Friday, August 20, 2010
How ready were we?
Saleapaga, one hour after the wave.Photo by Bharat Chovan
Early in 2009, there was an opportunity to practice the evacuating – for real. On the 19th of March, a 7.6 magnitude earthquake hit 130 miles southeast of the Tongan capital Nukualofa and a tsunami warning was issued by the PTWC for surrounding islands. Including Samoa. US Peace Corp volunteer Sara Reeves was teaching when they got the phonecall from the Peace Corp office at 8:50am. “Cale came into my classroom making the finger across the throat gesture that initially led me to believe that the power must be out at his school, but instead meant that I should stop teaching, drop everything and evacuate.” They warned the vice-principal. “He told me that he already knew. I told him schools were supposed to be evacuating, but he didn’t seem to be too concerned.” The other staff showed little interest either. The two were the only ones from their coastside school to head inland on their bikes. They met other vehicles and some schoolchildren on the road headed in the same direction. Calmly and slowly. One family drove to the lowland grocery store first – “to buy snacks for the children and a newspaper so the morning wouldn’t be wasted”. Another only went to the evacuation point because their six year old daughter was frightened and wouldn’t stop harassing them about the “terrible tsunamis’ her teacher had taught them about.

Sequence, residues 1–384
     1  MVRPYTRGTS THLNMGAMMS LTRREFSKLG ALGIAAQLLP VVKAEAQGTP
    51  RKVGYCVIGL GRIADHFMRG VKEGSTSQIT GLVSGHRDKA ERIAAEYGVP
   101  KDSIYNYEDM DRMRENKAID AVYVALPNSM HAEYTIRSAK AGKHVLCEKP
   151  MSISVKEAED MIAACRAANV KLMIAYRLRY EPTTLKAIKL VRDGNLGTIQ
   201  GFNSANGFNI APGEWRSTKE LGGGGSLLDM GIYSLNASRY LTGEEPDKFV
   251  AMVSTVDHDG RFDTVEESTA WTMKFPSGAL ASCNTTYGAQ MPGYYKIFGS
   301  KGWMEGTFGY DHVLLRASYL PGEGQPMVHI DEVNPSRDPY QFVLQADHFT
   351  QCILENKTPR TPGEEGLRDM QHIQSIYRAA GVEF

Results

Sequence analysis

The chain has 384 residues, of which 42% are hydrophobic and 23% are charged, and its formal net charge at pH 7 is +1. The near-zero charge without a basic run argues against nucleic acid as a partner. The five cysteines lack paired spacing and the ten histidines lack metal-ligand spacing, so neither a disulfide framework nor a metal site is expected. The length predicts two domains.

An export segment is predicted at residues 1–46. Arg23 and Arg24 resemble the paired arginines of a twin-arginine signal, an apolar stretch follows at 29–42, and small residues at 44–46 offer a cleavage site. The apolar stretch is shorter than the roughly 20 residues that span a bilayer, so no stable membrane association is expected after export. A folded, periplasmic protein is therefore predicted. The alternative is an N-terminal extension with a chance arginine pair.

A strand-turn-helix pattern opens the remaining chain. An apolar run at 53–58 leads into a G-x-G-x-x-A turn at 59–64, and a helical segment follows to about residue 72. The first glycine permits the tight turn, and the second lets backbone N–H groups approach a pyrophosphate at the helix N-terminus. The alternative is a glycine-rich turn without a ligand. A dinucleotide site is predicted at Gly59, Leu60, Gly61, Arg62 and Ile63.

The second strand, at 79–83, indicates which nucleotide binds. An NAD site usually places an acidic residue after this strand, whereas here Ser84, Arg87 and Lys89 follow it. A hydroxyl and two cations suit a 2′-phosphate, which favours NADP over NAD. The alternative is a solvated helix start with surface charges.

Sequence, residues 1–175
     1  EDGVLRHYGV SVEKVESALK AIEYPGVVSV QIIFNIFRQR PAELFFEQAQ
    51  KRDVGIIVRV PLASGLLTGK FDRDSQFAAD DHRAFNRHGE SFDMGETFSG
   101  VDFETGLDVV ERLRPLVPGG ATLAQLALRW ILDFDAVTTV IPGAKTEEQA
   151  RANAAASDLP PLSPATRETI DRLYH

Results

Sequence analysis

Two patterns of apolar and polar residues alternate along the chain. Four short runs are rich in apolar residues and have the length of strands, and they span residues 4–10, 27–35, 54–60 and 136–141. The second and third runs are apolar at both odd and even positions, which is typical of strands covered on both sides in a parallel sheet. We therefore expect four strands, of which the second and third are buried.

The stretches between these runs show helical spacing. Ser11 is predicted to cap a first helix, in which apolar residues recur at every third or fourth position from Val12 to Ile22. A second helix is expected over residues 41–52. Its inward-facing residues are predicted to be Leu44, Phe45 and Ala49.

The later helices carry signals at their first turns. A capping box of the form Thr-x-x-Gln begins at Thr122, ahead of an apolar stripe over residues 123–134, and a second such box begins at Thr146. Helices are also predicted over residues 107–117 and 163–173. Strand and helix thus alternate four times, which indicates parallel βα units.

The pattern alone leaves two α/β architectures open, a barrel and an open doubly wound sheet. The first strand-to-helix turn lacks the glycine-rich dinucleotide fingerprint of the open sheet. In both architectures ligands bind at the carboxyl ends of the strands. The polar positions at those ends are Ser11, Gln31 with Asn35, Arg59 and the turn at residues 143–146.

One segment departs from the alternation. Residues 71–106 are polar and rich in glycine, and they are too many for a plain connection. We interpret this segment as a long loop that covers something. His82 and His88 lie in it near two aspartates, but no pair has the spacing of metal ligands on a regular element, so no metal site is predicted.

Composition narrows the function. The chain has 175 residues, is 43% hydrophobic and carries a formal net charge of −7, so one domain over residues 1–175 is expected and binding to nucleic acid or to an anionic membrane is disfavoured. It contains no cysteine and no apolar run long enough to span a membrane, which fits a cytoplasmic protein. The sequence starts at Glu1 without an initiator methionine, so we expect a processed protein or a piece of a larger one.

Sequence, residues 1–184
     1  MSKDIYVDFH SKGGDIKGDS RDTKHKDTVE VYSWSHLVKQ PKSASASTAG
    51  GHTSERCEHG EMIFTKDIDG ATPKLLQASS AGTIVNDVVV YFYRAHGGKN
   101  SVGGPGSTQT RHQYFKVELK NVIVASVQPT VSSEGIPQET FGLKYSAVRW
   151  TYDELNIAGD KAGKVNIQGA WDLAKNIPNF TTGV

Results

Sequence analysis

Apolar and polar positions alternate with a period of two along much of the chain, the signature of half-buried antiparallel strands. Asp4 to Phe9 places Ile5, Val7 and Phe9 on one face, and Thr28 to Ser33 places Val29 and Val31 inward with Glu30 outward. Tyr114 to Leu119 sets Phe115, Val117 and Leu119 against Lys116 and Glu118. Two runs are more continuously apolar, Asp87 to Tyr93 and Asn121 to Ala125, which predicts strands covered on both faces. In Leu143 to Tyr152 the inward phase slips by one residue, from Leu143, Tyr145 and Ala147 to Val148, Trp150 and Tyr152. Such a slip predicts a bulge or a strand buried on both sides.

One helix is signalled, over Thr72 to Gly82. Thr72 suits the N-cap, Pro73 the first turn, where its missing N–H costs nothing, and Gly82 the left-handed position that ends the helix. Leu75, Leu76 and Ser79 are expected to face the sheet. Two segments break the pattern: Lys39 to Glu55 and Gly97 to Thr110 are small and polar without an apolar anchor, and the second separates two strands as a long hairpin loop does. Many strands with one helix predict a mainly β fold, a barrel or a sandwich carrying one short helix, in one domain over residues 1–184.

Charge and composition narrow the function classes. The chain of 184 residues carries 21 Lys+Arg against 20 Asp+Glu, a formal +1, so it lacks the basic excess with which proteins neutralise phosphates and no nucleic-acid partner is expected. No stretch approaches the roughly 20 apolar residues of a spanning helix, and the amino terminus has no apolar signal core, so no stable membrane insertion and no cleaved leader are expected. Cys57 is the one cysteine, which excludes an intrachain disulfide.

In Tonga that morning, people didn’t seem to be too bothered either. A police spokesman said residents weren't taking the warning seriously. He was quoted by a UK newspaper, “People are out on the roads, laughing at the warning. They are not moving from the coast even though there has been a strong warning of a tsunami.”
Back in Samoa, the Reeves biked four miles back to school when they got the message that the warning had been cancelled. “Absolutely nothing had changed at school while I was gone and there was no reaction whatsoever to my sudden disappearance and bike ride to Faleata.”
At Fagaloa Bay on the far eastern tip of Upolu, unusually high wave heights were recorded. The sea ran in to swish through several beach fales, but no houses were damaged. And nobody was hurt. Hardly anyone anywhere else even registered that the sea had risen. People shrugged. ‘See, what’s all the fuss about? Those palagi say tsunami when it’s just a little galu lolo. A few big waves. It’s nothing.’
On the morning of September 29th were people remembering that day earlier in March? As DMO staff scrambled to contact the two telecommunication companies to send the SMS and as Chief DMO Filomena Nelson and FESA Commissioner Tony Hill were flying through traffic at Vaimoso?
As Tony hit the sirens at approximately 7:10am and radioed his staff to begin the evacuation of all low lying areas? As the alarms went on at the fire stations in town, Faleata and at the airport?
In those next minutes, Filomena was merely a passenger as Tony drove down every side road with the siren blaring and the PA system shouting, telling everyone to get out and get up.